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Asia » Mongolia » Gobi Desert
November 1st 2006
Published: January 16th 2007
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7 days without a shower, in the same clothes, and sand and dust covering everything...a girl's worst nightmare and a trip to the Gobi Desert. The Gobi covers a third of Mongolia's land consisting of sandydunes, rugged landscapes and stoney plains. Gobi meaning 'desert' can get as hot as 40c and as cold as -40c. Although it was cold during our adventure, the sund was always shining creating a contrast to the dry neutral desert tones. The Gobi is the least populated land per Kilometer with gers and tiny towns scattered troughout. We had a chance to stay in a few of the Nomad's gers, which are circular in shape with felt lining the walls and a furnace posted in the middle.

The first day was a bit blury with little sleep form the night before and vodka still lingering in our bodies. 8 of us piled int the jeep iwth our driver, Billgai, and quickly drifted to sleep. Soon we awoke to see our jeep in the middle of nowhere with no roads, no people, tiny ice-covered streams and wild horse roaming the lands. Needing food to cure the head, we stopped at a ger to eat. Joe remained
Blackout in a Gobi townBlackout in a Gobi townBlackout in a Gobi town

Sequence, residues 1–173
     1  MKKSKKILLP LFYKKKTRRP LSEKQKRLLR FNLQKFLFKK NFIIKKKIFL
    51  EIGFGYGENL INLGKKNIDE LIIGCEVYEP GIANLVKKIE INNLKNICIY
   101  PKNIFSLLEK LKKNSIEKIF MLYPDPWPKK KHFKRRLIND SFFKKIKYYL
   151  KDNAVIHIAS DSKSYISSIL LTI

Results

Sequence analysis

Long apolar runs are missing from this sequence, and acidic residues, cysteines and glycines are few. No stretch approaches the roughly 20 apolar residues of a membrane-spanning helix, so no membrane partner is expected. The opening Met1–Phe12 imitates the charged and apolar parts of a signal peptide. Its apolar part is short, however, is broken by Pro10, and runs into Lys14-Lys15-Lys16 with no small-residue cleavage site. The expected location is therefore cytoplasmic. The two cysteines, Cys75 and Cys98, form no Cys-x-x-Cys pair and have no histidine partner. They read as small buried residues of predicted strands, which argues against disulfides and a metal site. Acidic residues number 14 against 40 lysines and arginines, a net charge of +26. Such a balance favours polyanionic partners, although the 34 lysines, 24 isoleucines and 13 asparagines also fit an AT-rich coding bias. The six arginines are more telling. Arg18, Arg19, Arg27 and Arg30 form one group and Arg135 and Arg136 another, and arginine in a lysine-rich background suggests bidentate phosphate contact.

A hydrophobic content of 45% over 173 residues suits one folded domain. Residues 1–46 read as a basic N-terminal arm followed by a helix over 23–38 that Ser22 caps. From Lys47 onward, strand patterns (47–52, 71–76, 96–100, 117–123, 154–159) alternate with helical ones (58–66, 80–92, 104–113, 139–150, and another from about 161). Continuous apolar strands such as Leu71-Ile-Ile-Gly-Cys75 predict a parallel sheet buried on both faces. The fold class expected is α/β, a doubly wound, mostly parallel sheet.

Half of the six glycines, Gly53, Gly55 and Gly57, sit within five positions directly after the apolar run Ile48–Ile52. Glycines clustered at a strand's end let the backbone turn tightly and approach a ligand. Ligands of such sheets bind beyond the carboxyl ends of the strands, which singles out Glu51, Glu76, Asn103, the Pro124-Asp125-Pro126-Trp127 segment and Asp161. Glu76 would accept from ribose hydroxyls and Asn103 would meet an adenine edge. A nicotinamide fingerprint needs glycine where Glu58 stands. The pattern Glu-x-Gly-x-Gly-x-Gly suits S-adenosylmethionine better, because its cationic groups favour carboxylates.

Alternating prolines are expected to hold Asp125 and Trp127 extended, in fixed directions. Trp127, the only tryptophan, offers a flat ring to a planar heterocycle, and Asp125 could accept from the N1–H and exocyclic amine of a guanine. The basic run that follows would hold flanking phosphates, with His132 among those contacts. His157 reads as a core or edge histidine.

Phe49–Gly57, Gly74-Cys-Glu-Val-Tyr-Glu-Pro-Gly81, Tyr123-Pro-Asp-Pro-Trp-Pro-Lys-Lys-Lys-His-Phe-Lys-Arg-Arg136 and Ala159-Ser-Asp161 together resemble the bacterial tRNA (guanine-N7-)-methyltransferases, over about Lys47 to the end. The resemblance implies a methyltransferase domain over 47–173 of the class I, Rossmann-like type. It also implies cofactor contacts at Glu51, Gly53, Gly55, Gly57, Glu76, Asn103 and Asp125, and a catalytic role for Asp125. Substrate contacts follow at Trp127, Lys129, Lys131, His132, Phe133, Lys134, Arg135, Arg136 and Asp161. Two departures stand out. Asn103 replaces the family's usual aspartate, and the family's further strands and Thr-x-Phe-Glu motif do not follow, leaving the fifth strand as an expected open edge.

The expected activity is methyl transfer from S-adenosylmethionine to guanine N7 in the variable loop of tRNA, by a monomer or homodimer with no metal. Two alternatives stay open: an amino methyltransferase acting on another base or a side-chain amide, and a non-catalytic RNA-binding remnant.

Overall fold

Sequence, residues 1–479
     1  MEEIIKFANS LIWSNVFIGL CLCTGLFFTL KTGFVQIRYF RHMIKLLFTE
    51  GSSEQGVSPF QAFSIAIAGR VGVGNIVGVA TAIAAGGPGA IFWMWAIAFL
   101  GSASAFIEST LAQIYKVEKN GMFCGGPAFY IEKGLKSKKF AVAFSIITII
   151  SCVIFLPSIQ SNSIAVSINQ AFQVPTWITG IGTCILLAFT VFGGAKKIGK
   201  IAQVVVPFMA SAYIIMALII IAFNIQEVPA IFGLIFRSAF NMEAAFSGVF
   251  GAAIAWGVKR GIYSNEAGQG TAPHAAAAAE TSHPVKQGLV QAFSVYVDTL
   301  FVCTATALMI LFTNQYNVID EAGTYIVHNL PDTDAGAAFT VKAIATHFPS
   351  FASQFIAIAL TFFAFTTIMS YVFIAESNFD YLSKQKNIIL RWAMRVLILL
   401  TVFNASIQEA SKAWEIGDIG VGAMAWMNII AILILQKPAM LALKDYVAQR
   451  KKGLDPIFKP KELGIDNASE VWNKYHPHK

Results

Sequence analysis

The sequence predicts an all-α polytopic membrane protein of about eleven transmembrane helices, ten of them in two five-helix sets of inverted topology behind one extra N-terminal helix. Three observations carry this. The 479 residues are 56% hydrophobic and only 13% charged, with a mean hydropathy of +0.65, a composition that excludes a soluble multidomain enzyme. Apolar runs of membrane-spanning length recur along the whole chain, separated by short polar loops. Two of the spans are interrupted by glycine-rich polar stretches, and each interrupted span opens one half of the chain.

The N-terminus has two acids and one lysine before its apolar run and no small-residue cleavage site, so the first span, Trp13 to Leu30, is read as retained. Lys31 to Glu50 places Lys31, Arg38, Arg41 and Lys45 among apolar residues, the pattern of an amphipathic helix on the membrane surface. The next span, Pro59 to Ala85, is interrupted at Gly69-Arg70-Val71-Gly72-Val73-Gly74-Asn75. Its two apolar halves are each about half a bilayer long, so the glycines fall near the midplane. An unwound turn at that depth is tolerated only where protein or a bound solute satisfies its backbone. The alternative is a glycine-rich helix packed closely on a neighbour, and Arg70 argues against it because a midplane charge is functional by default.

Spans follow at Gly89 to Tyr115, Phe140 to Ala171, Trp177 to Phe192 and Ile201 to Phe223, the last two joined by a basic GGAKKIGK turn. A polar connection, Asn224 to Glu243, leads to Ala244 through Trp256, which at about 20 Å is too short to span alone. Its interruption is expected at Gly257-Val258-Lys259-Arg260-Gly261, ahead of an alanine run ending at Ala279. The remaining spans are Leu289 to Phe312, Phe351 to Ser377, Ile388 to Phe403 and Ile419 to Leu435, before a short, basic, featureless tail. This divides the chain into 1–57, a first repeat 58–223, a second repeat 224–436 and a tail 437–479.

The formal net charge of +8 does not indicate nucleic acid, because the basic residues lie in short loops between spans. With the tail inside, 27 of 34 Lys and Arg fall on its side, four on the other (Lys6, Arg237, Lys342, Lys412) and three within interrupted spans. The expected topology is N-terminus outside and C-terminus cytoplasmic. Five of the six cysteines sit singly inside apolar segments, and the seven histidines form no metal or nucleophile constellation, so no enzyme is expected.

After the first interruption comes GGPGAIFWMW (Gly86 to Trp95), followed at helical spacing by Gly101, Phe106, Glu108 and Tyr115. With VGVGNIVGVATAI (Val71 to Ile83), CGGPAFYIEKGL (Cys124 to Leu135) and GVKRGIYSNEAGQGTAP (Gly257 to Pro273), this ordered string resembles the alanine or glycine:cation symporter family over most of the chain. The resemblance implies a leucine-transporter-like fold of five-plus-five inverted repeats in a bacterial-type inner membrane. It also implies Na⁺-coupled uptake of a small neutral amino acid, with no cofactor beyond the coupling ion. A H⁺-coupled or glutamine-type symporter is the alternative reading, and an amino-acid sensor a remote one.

Celebrating v-tec's bday, ligts went out, candles went up, and mongolians shared their vodka-drunkeness with us
in his back seat position to recover his hangover as i wondered in to the family's ger with the others. Tea with goat milk and noodles with fatty sheep pieces was the lunch menu. So, we ate it polietly as the 2 Mongolian children stared at us. Hours more of rough driving to our sleeping spot, a ger miles from everything. Visitors in the middle of the night stumbled into our ger hoping for a place to sleep. But as each one of searched for a flashlight, a huge spotlight appeared lit their face and turned them away from the ger.

With a clear head the next morning, we faced the rugged road again bouncing around in the seats. As we were minutes away from the town we were to stay in, 2 military men drove up to our jeep. They pushed our driver and then suddenly, had a change of heart inviting him inside the car for some vodka. The coast was clear. Once into the town, we venture around all 5 streets ordering unknown food and celebrating a birthday. The celebration still proceeded through the poweroutage and friendly gangs of Mongolians in the bar. We took the celebration back to the hotel shooting photos with Mongolian money. You see 1,125 Mongolian togrogs is equal to $1 and there is no change so you end up with a 'stash of bills.'


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